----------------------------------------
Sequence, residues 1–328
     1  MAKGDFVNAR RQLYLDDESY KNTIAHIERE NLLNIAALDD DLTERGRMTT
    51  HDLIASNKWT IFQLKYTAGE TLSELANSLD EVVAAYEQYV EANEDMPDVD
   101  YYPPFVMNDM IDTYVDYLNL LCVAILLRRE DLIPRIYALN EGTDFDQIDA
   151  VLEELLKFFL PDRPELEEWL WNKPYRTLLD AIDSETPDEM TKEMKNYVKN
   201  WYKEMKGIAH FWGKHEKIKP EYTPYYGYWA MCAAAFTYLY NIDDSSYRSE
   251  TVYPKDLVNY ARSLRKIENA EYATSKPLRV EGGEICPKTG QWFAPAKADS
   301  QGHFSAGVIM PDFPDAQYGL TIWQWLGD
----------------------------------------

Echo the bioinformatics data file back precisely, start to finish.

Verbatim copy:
Sequence, residues 1–328
     1  MAKGDFVNAR RQLYLDDESY KNTIAHIERE NLLNIAALDD DLTERGRMTT
    51  HDLIASNKWT IFQLKYTAGE TLSELANSLD EVVAAYEQYV EANEDMPDVD
   101  YYPPFVMNDM IDTYVDYLNL LCVAILLRRE DLIPRIYALN EGTDFDQIDA
   151  VLEELLKFFL PDRPELEEWL WNKPYRTLLD AIDSETPDEM TKEMKNYVKN
   201  WYKEMKGIAH FWGKHEKIKP EYTPYYGYWA MCAAAFTYLY NIDDSSYRSE
   251  TVYPKDLVNY ARSLRKIENA EYATSKPLRV EGGEICPKTG QWFAPAKADS
   301  QGHFSAGVIM PDFPDAQYGL TIWQWLGD